Photo via Diana Rodgers
We love beef stew in the winter, and I already have two favorite recipes that I prepare (Jools' Favourite Beef Stew from Jamie Oliver, and Ina Garten's Beef Bourguignon, specifically).  Both of these recipes involve flour, potatoes, and butter leave you with a very indulged and heavy feeling (which can be quite nice in the dead of winter, but still).  Rodgers' recipe simply features beef, carrots, coconut milk and a tantalizing list of aromatics.  The ingredient list for this stew was so warming and unique, I knew I had to make a pot of this on Sunday.

Dudes.  This stew blew our minds.  Our house smelled so insanely good while it was cooking that the hubs texted me specifically to inform me of the olfactory madness going on while I was out running errands.  And the flavors.  Mmmmm, speechless.  I've never had something quite so warming and singularly satisfying.  Between the fresh ginger, the Indian-inspired spices and the coconut, I must say that this stew is the culinary equivalent of a deep tissue massage followed by a long soak in a hot tub.  After eating a bowl of this, I literally felt like I could bench press the car.  Really.

On top of that, it was easy to prepare... just a small bit of chopping and maybe 30 minutes of active prep before popping it in the oven.  I did have to invest in a $10 jar of coconut oil for this recipe, but after reading about the Paleo reasoning behind choosing this unprocessed, unrefined oil, I was sold anyway.  Did you know most of oils we use are actually rancid by the time they hit our shelves, and devoid of any of the nutritional value of the plants from which they're derived?  Coconut oil, besides being incredibly tasty, is nutritionally unsurpassed, and has a ton of uses for everything from beauty treatments to cooking projects.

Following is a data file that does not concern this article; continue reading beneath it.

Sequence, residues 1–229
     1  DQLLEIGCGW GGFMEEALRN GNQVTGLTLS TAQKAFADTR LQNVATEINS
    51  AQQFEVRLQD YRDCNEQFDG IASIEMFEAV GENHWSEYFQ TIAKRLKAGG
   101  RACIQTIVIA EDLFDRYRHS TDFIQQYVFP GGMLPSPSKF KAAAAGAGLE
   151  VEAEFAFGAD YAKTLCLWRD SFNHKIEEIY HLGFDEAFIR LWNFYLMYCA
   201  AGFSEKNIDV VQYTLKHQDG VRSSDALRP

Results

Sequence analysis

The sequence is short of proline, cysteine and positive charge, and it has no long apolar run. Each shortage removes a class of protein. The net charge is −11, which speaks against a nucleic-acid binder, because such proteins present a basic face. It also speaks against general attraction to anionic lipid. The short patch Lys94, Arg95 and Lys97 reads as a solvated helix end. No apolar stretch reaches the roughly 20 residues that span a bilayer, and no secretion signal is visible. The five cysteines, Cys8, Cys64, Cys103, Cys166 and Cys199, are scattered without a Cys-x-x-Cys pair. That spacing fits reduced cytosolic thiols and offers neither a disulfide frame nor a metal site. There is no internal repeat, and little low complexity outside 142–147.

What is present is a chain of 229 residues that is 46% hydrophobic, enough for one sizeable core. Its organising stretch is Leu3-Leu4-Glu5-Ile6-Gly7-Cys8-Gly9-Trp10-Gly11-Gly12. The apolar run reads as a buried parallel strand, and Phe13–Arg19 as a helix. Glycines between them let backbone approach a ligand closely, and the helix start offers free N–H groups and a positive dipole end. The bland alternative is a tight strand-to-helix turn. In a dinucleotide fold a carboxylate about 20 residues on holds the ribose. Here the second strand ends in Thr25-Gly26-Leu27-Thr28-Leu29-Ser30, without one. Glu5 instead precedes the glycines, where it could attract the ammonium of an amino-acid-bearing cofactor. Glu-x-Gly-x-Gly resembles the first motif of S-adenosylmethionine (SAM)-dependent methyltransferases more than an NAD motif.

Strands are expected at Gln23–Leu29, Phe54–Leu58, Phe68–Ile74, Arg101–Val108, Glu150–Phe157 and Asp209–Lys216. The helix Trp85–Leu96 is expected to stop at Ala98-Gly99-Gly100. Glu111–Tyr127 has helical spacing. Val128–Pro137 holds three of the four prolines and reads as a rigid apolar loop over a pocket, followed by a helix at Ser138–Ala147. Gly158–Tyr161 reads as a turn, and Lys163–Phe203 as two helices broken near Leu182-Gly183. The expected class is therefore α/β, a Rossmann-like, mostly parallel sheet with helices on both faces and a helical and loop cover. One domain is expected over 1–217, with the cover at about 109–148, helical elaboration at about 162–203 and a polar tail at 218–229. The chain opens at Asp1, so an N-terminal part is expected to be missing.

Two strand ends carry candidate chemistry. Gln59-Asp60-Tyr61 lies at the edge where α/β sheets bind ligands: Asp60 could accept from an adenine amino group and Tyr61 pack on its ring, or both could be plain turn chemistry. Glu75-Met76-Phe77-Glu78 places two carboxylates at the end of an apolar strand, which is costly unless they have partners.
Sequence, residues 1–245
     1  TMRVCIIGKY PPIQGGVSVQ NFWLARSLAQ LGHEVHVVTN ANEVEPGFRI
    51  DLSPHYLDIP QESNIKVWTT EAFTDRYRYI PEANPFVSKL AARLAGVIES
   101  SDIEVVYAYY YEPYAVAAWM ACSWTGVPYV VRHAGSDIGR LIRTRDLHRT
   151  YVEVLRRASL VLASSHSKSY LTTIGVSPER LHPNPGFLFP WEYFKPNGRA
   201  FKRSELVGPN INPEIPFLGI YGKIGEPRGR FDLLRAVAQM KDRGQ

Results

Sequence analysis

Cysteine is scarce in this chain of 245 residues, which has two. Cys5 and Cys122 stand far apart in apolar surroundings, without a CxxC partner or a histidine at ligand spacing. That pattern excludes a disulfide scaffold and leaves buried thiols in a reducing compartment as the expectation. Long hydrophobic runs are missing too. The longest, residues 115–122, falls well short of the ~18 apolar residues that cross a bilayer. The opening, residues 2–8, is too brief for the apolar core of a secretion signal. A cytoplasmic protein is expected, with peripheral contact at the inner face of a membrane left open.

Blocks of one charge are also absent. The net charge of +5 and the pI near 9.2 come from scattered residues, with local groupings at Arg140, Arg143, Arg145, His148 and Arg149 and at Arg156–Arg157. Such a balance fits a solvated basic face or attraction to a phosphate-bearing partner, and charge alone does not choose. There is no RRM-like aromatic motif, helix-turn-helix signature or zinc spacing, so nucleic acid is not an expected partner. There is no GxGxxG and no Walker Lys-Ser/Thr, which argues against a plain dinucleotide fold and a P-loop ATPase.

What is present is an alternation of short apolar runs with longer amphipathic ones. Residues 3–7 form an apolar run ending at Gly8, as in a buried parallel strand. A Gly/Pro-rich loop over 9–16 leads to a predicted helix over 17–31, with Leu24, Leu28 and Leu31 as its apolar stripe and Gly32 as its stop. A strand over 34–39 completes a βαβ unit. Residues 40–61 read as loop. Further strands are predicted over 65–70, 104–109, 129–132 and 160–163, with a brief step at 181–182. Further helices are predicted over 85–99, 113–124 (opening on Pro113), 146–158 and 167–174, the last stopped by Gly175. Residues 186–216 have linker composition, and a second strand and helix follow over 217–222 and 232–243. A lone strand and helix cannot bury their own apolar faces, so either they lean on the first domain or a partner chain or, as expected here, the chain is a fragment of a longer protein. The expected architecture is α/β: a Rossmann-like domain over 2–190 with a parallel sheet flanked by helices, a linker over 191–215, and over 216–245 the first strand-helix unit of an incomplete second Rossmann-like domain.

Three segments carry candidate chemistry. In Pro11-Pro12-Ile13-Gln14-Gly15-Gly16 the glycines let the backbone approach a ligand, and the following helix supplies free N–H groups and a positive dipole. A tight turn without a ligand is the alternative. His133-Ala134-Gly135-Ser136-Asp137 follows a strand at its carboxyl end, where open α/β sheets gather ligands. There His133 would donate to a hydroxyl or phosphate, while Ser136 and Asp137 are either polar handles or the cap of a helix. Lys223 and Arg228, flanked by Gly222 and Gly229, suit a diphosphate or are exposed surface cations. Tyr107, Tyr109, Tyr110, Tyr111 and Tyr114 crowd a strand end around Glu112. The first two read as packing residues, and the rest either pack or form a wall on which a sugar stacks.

All that is to say, this soup will be making a regular appearance on our menus throughout the winter.  The flavor combination is downright dreamy, and the satiety and sense of well-being it provides in one simple bowl is remarkable.  I'll definitely be serving this at many a dinner party to our carnivorous friends.  I'm also thinking it is the perfect dish to bring to a new mama friend to rejuvenate her post-partum energy.  Truly, this is a magical elixir.  Finally, I'll add that I don't think you necessarily need to serve the stew with anything.  I had a good-sized bowl and a glass of water for dinner and was absolutely stuffed.  And the energy provided by this power dinner propelled me through eight hours of sleep, a four mile run and a trip to the playground before I had breakfast.  Amazing.  Maybe these Paleo peeps are onto something?